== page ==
Pret a Manger unveiled its new spring menu today (19 April), with a diverse set of new options drawing from a medley of food trends. While health-led trends are no secret – with the entire industry taking note in recent years – Pret’s spring refresh is also a nod to the growing appetite for food centred around nostalgia and indulgence.

According to Lumina Intelligence’s Menu Tracker tool, health-led trends are both driving new concepts and becoming increasingly prevalent in the form of vegan and vegetarian dishes on menus – but so are indulgent items as consumers gravitate towards comfort food in the midst of a cost of living crisis.


Pret has heeded consumers’ evolving preferences post-pandemic and livened up its salad options with a new Mexican-inspired chipotle chickpea salad and Korean-inspired chilli chicken salad. While providing a boost to its previous range – comprising falafel, Italian chicken, and niçoise, among other options – the new items tap into Mexican and Korean cuisines on the rise, introducing bold, punchy flavours previously absent on the menu.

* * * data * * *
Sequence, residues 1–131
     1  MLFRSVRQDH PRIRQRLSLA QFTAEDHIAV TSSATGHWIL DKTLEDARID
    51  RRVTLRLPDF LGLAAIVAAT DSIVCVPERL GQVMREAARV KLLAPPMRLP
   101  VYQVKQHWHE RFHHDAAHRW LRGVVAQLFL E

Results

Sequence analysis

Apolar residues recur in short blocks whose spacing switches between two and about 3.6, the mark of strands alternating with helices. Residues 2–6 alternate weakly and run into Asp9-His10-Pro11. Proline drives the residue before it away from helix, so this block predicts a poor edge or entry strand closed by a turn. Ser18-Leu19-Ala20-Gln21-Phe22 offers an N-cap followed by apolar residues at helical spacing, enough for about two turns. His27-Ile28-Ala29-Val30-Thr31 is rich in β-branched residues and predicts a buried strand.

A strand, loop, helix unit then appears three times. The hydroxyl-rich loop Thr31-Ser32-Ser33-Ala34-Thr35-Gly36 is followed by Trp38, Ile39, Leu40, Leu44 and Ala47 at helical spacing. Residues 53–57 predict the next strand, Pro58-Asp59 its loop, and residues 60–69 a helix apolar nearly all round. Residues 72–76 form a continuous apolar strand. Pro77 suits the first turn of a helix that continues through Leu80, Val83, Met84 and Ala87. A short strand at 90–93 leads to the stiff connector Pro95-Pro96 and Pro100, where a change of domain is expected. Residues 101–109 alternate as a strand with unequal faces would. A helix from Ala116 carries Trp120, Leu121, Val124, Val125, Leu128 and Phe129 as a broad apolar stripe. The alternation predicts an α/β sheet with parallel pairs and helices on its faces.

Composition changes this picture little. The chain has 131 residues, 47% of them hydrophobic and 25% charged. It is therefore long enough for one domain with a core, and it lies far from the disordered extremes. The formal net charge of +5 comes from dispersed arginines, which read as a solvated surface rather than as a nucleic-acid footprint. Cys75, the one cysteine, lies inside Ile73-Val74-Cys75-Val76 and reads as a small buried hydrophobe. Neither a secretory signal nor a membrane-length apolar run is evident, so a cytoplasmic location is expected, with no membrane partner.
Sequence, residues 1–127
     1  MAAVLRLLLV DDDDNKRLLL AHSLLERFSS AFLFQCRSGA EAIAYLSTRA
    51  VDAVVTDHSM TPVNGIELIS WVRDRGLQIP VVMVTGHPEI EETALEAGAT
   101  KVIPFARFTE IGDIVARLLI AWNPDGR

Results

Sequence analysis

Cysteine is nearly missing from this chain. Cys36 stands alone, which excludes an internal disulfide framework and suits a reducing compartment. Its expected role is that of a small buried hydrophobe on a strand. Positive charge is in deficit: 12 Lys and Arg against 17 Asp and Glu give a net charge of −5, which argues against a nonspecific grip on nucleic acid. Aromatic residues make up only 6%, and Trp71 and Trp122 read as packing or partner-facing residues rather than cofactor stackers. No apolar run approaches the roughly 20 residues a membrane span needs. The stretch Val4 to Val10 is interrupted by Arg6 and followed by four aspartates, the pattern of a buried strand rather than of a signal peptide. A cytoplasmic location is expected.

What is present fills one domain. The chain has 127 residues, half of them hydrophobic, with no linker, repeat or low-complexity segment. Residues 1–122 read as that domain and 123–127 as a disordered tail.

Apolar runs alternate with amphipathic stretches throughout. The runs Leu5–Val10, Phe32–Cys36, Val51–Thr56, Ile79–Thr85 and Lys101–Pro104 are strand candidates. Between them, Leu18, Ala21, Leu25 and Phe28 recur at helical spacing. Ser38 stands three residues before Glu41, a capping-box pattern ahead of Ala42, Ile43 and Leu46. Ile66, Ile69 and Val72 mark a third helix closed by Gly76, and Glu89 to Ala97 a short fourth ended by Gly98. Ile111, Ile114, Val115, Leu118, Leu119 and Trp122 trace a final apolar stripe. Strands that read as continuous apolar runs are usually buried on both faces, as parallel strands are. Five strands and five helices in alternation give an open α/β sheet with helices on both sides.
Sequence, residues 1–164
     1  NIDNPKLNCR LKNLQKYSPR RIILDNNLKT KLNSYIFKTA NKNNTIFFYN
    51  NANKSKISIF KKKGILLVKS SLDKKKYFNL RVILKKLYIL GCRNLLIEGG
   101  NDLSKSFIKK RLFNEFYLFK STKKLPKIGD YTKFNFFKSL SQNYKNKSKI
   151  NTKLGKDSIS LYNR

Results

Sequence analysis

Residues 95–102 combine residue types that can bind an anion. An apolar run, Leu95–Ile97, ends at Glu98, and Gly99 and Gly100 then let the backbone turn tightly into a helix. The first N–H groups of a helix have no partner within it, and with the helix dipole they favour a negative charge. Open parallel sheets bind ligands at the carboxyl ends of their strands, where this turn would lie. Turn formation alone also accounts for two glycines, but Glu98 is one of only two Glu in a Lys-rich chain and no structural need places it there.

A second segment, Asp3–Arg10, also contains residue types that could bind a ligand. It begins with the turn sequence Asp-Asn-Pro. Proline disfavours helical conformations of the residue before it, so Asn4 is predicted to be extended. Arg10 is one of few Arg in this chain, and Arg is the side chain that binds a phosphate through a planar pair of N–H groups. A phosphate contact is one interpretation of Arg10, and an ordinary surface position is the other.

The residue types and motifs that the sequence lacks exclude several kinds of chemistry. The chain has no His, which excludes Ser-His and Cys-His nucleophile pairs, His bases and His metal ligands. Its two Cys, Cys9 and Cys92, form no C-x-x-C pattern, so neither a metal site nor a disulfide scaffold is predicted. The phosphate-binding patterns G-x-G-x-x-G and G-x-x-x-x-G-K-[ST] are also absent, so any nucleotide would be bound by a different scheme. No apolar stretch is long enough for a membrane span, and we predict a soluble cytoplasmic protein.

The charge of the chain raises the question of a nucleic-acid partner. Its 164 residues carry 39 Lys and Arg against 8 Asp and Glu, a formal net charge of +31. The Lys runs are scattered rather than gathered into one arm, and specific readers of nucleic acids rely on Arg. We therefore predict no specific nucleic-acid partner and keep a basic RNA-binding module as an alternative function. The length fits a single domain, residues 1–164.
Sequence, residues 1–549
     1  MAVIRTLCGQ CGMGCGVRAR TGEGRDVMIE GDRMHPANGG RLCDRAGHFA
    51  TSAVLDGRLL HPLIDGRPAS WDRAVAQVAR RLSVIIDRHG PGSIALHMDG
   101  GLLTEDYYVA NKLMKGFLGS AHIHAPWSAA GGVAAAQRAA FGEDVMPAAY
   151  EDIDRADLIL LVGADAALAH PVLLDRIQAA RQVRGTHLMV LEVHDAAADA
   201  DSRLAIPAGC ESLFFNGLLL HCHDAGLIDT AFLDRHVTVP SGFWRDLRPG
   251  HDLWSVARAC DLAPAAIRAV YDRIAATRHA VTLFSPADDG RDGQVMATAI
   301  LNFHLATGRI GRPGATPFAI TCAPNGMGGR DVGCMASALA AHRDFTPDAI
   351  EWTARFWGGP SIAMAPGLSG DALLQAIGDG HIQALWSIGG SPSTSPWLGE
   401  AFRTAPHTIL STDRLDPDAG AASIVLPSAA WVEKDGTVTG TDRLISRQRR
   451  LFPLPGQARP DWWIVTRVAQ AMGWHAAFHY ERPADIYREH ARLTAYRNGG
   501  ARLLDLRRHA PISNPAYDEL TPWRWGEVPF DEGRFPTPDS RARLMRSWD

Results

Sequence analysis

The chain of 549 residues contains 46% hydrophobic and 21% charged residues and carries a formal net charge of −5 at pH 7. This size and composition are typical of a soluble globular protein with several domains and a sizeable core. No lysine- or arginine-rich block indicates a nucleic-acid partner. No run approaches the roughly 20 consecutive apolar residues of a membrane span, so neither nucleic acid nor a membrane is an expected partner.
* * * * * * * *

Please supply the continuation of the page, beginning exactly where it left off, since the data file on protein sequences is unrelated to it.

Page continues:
With Mexican and regional Asian cuisines yet to near their peak, customers are not only looking at Korean BBQ or tortillas for their fix - they’re also looking for those flavours in their go-to lunch options. The brand provides a departure from the usual vinaigrettes, while giving food-to-go consumers the opportunity to try something new.

Moreover, Pret seems determined to up its salad game as small but determined new operators such as The Salad Project and Urban Greens, offering fresh customisable salads catering to workers, enter the market.

While Pret has always been the authority on yoghurt and granola pots, two additions – the salted caramel and black forest dessert pots – stand out as a nod to much loved indulgent treats. Healthy alternatives have always been available at Pret, but the new desserts mean make for more luxurious options, leaning back on tried and trusted comfort food.


The spring clean also features a new range of iced coolers in flavours like rhubarb and berry, representing the chain’s “biggest drinks innovation in years”, following the axing of smoothies and frappes in February, believed to be time-consuming and costly to produce fresh, particuarly when claimed as part of Pret’s coffee subscription. 

Health and indulgence may seem like food trends at odds with each other, but Pret has chosen to go with both, making it well positioned for any food-to-go consumer.